Composed “The Ballad of Reading Gaol”

Despite the financial and emotional turmoil of prison, Wilde composed “The Ballad of Reading Gaol” upon his release. It was originally published by Leonard Smithers under Wilde's prison identification and cell number, C.3-3. Smithers was notably Wilde's publisher of choice; he gained a reputation for publishing for Decadents and upscale pornography. The poem condemns late-Victorian prison life, the prison system, and capital punishment (death penalty). Wilde was subject to a poor diet, enforced silence, and enslaved labor. All of these hardships subjected him to deep thoughts on universal human nature and morality, which he wrote about in the poem as well; therefore, it is often considered to be an indictment and a revelation.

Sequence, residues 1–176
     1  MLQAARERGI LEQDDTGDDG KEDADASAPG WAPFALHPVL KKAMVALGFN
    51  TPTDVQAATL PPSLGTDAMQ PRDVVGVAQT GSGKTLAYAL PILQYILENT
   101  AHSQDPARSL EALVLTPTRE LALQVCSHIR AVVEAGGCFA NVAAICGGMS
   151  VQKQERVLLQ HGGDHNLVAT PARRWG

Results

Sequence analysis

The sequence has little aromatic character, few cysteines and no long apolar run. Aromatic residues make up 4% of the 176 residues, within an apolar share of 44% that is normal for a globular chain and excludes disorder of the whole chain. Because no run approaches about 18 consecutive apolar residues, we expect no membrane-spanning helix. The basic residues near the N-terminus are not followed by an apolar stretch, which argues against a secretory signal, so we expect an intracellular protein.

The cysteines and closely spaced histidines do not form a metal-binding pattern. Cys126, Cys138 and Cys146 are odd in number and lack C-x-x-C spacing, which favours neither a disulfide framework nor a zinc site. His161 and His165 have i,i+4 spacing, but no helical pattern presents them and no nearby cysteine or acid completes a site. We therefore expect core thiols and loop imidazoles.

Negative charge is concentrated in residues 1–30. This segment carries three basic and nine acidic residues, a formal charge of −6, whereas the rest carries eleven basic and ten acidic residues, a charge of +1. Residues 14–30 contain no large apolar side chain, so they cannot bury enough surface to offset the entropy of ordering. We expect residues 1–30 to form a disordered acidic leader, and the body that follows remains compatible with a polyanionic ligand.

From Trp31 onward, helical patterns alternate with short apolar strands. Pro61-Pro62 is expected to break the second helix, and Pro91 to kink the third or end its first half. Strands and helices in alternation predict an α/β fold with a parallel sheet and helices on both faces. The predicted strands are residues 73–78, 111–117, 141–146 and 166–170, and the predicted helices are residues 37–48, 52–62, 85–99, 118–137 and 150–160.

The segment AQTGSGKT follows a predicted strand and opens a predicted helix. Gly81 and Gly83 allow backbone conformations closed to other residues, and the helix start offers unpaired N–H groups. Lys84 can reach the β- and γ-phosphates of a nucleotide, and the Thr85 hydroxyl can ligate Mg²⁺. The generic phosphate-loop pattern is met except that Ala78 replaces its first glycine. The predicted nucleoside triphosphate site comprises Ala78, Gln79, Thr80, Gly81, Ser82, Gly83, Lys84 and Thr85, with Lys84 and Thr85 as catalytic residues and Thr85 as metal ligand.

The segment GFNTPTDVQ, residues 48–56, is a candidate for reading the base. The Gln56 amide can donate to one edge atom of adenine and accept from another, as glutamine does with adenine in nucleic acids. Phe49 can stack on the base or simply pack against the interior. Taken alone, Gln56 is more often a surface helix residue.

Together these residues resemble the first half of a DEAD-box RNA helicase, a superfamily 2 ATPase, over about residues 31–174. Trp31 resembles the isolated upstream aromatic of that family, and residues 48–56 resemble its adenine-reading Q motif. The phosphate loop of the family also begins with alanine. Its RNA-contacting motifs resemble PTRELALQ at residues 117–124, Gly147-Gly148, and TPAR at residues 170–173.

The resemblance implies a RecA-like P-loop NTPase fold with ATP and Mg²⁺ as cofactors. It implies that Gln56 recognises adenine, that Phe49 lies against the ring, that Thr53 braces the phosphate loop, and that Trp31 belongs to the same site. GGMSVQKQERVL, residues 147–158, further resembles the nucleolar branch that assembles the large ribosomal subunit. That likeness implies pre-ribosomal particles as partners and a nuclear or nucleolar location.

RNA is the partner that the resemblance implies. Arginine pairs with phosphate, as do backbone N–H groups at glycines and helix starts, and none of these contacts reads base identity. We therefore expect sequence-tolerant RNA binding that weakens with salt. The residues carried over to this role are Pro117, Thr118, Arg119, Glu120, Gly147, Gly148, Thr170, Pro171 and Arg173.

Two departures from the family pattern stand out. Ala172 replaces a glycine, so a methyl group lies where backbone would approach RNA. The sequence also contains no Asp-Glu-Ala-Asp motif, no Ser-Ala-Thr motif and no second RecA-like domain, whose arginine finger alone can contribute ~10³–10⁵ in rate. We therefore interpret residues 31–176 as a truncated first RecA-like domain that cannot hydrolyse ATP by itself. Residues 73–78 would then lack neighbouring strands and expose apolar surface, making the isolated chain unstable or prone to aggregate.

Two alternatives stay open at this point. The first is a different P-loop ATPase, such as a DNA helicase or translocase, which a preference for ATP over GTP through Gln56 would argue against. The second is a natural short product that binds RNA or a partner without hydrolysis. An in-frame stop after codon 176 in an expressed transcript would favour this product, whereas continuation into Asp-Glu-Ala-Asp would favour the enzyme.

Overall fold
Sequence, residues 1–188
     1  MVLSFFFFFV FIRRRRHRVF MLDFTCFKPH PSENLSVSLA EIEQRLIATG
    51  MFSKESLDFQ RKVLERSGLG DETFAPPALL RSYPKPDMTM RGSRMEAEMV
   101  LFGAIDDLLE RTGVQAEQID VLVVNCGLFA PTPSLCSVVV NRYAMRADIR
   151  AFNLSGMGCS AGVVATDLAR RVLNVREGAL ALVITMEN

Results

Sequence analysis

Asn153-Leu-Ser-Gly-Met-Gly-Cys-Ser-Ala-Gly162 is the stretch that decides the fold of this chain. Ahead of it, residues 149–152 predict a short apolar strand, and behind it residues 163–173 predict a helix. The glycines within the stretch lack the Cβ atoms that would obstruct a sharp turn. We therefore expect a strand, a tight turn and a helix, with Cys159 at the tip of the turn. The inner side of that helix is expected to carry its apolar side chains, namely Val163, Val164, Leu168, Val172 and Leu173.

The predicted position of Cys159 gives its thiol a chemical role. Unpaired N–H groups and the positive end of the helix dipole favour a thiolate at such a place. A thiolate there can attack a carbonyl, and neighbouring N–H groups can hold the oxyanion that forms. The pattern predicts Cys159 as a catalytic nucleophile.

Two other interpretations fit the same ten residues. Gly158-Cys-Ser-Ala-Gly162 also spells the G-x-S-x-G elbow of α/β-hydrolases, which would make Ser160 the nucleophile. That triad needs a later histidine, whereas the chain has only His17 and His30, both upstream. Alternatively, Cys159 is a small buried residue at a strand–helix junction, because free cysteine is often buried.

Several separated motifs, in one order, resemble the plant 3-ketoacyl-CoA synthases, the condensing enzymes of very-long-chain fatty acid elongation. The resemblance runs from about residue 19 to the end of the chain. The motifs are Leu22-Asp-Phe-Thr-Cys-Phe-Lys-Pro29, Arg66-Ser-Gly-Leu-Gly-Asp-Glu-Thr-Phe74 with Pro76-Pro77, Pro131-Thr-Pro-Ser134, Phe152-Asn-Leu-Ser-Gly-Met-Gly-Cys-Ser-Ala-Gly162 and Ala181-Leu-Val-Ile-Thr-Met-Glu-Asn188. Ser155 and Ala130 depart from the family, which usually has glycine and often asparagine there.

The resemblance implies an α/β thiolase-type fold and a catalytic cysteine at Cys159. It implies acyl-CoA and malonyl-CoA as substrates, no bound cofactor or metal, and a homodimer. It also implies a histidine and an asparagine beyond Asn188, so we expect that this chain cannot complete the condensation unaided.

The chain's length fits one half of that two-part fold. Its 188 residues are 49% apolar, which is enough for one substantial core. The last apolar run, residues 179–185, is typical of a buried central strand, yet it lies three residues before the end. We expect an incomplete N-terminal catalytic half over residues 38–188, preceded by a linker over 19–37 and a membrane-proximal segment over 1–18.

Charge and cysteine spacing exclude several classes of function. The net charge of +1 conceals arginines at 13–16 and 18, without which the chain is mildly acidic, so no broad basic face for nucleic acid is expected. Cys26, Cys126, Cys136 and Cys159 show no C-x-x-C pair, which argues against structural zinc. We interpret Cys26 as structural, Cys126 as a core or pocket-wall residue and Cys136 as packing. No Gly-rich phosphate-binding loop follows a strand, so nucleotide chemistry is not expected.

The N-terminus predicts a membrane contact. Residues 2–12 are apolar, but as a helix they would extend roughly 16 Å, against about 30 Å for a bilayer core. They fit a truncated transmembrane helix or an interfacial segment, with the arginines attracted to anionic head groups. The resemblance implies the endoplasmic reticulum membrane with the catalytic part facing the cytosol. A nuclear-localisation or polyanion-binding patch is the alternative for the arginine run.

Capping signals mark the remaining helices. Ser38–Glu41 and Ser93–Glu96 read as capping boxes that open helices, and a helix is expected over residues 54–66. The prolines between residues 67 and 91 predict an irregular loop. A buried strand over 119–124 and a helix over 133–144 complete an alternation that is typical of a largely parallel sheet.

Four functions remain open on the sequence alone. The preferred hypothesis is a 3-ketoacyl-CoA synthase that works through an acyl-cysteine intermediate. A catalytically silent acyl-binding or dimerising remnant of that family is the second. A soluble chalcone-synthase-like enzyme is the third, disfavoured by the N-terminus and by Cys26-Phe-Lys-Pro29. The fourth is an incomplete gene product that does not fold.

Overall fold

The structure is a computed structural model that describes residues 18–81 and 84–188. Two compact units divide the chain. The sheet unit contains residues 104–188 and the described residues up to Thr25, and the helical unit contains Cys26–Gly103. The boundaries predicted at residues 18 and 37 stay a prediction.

Harrington, Peter. The Ballad of Reading Gaol. By C.3.3.

Nelson, James G. “Publisher to the Decadents: Leonard Smithers in the Careers of Beardsley, Wilde, and Dowson By James G. Nelson.” The Pennsylvania State University Press, Penn State University Press,

“Oscar Wilde.” Broadview Anthology of British Literature, third ed., B, Broadview Press, Peterborough, Ontario, 2019, pp. 1157–1159.

Rumens, Carol. “Poem of the Week: The Ballad of Reading Gaol.” The Guardian, Guardian News and Media, 23 Mar. 2009,

Associated Place(s)